I confess to being a bit amused, I admit (apart from the rabbit business…see below). This morning I read a couple of Science Daily updates where I found two conflicting items. The first (, dated April 3, was about the potential risks involved in nanotechnology. It just so happens that yesterday I added a link to a study on nanocurcumin sent to me by a blog reader (thanks!). See under "useful links."

At any rate, the Science Daily article discusses a University of Oregon chemist’s concern about the potential hazards and lack of information concerning nanotechnology.

An excerpt ("he" is the UO chemist, by the way): Nanomaterials are complex, as are their interactions with biological organisms and the environment. While microscopically sized, they come in all sizes, shapes and compositions. "To confound the situation further," he writes, "the methods of production are still immature for most materials, often resulting in batch-to-batch variability in composition and purity." Impurities, he says, are hard to detect, difficult to extract and may obscure the real effects of nanomaterials. Nanoimpurities? Yikes!

Interestingly, this scientist is pushing for a green chemistry approach, which simplifies purification processes. Well, I am certainly all in favour of solving problems before they occur, and using an environmentally friendly approach makes a lot of sense to me.

Now for the second article. published on the following day ( It discusses the effect of nanotechnology on tumours. Unlike the University of Oregon piece, this article talks exclusively about the benefits of nanotechnology. As follows.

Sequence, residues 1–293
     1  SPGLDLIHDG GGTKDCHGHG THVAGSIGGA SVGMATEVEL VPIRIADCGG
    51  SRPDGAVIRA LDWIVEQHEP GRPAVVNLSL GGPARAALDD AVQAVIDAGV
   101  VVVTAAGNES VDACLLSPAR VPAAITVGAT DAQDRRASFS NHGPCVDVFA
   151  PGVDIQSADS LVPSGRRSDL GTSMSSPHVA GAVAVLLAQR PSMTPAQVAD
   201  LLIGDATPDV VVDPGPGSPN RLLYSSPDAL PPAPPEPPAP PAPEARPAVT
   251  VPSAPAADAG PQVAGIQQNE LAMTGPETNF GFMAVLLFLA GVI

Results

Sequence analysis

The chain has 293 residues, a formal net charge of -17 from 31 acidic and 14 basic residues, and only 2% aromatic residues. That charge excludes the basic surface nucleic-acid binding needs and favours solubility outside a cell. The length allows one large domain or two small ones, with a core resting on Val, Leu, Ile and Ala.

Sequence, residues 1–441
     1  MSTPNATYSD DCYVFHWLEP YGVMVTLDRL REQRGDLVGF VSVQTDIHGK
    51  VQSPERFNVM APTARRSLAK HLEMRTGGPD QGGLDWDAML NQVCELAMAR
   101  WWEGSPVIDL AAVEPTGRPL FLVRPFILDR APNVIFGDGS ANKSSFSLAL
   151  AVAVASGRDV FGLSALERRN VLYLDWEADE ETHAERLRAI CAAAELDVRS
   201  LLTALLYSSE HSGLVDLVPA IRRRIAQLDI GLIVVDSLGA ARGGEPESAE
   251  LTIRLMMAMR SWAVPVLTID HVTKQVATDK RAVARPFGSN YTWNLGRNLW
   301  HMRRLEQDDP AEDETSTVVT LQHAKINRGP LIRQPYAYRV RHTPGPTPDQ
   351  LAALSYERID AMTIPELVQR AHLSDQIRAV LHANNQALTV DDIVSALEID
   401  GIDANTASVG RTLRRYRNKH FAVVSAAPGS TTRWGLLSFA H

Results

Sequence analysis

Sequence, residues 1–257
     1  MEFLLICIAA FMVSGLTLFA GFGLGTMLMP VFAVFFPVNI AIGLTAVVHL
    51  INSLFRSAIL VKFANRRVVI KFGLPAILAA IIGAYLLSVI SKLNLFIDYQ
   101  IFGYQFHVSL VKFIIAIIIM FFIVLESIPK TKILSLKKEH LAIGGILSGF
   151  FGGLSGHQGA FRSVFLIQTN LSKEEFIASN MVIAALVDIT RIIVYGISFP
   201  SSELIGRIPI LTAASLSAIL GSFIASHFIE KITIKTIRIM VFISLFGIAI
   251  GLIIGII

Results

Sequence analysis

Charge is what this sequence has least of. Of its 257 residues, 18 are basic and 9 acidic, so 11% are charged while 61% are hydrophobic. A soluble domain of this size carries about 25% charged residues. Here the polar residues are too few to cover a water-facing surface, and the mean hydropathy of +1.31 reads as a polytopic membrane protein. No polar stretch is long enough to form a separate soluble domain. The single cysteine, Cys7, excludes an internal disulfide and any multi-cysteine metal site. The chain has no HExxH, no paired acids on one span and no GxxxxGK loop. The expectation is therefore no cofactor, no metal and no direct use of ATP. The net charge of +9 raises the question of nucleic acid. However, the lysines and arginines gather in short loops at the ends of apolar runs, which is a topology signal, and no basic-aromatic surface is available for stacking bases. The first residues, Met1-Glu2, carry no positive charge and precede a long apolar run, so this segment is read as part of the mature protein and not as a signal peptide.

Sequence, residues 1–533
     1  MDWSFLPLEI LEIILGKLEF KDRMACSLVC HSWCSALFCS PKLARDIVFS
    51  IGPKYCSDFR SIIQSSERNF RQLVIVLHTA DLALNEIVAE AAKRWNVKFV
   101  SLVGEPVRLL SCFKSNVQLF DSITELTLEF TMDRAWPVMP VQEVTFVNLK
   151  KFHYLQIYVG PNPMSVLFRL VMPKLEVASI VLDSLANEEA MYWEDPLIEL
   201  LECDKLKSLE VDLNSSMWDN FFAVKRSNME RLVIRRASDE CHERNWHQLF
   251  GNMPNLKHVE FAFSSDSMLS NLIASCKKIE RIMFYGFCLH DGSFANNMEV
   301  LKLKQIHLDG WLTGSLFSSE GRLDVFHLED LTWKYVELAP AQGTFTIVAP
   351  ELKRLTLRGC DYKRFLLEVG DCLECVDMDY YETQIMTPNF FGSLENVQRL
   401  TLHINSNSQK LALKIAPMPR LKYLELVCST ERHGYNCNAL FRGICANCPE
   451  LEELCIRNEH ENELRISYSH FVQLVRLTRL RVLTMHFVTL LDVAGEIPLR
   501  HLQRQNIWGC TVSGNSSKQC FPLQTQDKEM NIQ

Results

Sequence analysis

A group of researchers at the Washington University School of Medicine (St. Louis) tested a powerful drug directly on tumors  in rabbits (aaagh! ) using drug-coated nanoparticles. They found that a drug dose 1,000 times lower than used previously for this purpose markedly slowed tumor growth. "Many chemotherapeutic drugs have unwanted side effects, and we’ve shown that our nanoparticle technology has the potential to increase drug effectiveness and decrease drug dose to alleviate harmful side effects," says lead author Patrick M. Winter, Ph.D., research assistant professor of medicine and biomedical engineering.

By the way, these nanoparticles contained a fungal toxin called fumagillin, which has been shown to be an effective cancer treatment, so the article states, in human clinical trials in combination with other drugs. The process whereby the tumours’ growth was slowed down is interesting: the nanoparticles latched on to sites of blood vessel proliferation and released their fumagillin load into blood vessel cells. Fumagillin blocks multiplication of blood vessel cells, so it inhibited tumors from expanding their blood supply and slowed their growth.

Aha, so fumagillin inhibits angiogenesis…very interesting. I will have to have a closer look at this toxin at some point.

Well, nanotechnology is interesting on many levels, but I have to admit that the issue of nanocrud (I just coined this term, you may use it with my permission…) does make me wary. I guess I won’t be testing nanocurcumin any time soon…

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